Things I've learned about my Garmin 810

topcattim Posts: 766
edited April 2014 in Road general
I spent a lot of time wondering about whether to buy a Garmin and if so, whether to buy the 800 or the 810. I plumped for the 810 a while ago and thought that others might appreciate knowing some of the things I've discovered.

1) Battery life of iPhone connected to 810 for Livetracking. One thing that the 810 has over the 800 is it ability to send data on your location while you ride. I find this helpful for reassuring the OH that I am at least moving, rather than lying in a ditch. I was concerned that Livetracking might drain the phone battery as it uploaded data - but it hardly seems to drain it at all.

2) Uploading to Strava. Of course, one of the benefits of the 810 is that it does its stuff wirelessly. So it would be a pain to have to plug it into a computer to upload to Strava. I discovered that you don't have to do this, as you can use copymysports to do this, once you've paired the accounts. You can't be in a hurry, though: once it has learned the times at which you usually have rides ready to upload, it usually does this within a 30 minute period, but it sometimes much longer and twice (out of about 50 occasions so far), it has failed completely.

3) Battery life of 810 itself. Is far from the advertised 12+ hours. Admittedly, I have it on a bright setting, with the light set to fade after 15s of inactivity. But I also often run it with the map showing, or with the elevation screen showing, so, because this is constantly being redrawn, it doesn't have a chance to fade. This means that I reckon the life is about 6 or 7 hours, but I've not scientifically tested it. I'm sure I could get more life out of it if I wanted, just by running one of the data screens.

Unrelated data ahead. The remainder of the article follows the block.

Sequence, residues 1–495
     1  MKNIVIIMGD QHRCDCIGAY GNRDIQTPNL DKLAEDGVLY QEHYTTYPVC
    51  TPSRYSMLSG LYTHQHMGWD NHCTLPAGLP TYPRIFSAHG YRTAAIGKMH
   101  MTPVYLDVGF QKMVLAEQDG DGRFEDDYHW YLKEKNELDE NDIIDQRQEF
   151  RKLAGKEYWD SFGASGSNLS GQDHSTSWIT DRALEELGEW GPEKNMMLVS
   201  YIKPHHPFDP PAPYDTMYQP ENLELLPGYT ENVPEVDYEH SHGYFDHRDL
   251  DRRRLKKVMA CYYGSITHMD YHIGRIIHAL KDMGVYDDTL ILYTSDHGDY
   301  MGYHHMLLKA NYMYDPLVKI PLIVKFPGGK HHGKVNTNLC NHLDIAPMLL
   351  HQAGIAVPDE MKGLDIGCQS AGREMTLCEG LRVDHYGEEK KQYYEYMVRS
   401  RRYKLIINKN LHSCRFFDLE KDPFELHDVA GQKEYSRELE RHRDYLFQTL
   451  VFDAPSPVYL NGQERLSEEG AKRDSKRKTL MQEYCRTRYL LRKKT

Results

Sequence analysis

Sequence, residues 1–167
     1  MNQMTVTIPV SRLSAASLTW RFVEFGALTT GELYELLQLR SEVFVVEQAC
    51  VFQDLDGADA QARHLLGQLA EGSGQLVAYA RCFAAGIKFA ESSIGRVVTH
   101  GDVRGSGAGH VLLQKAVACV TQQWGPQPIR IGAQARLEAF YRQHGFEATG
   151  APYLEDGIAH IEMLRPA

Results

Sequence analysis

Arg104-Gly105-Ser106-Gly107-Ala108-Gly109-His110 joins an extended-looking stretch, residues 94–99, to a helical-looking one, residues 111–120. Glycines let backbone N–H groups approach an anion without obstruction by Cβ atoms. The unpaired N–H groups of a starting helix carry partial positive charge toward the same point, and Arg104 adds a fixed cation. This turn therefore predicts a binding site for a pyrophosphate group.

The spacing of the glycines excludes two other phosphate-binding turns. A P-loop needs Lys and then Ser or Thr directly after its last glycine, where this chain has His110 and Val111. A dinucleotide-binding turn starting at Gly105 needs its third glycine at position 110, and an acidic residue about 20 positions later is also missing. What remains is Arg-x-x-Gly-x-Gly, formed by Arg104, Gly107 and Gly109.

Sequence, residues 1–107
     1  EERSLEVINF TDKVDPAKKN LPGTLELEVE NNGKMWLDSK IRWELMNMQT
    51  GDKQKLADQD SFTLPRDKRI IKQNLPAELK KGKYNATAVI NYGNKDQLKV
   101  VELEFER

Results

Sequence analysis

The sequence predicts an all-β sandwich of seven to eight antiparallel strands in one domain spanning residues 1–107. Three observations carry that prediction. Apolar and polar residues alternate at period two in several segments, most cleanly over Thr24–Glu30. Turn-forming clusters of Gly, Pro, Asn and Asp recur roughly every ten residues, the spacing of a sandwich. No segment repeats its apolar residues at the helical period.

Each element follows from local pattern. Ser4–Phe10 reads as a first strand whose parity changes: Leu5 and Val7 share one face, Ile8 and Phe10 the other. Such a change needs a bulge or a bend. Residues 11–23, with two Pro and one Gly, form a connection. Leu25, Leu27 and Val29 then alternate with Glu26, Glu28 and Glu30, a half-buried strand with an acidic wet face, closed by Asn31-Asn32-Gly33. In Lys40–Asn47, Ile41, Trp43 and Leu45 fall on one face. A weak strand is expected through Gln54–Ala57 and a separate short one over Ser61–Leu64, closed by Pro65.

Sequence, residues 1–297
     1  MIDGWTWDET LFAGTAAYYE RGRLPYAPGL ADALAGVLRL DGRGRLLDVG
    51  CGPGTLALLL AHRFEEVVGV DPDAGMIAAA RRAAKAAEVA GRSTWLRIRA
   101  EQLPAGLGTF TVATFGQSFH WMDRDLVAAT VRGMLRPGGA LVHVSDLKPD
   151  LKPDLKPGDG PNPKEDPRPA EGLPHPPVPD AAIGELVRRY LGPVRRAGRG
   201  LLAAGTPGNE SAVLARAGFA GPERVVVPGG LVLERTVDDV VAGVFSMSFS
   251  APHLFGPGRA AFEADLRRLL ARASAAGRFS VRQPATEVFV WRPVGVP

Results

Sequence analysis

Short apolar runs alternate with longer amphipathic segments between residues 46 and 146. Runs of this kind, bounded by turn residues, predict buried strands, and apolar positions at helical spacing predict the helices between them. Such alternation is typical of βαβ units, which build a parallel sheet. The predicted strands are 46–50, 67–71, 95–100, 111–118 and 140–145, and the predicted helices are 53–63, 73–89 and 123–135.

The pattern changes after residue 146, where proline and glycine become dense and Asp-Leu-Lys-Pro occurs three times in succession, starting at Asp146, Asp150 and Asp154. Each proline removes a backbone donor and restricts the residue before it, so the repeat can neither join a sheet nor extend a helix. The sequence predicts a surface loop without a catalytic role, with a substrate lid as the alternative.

4) Watching progress up hills/mountains. I really like having the elevation screen showing, that shows how much further it is to the next peak, and how much more height needs to be gained. To do this, though, I think it needs a tcx file loaded (which I do from bikeroutetoaster) rather than a gpx file. (I realise that this will also be possible on the 800)

5) Competing against your virtual partner. Also possible on the 800, I think, but I love competing against my previous rides. Much more appropriate than chasing Strava segments. I have a regular commute, and I just set today's course to match me against yesterday's. If I beat it, great. If I don't then at least tomorrow's VP will be that little bit easier!

6) And overall, I've really loved it. I ummed and aahed about this for ages. TBH, it doesn't make that much difference on most of my regular routes - just more data to distract me. But when I am riding in areas that I don't know well, it has been brilliant not to need to consult a map, and also (as above) to be able to see how much more climbing there is ahead of me.

Hope that information helps someone out there making a similar decision.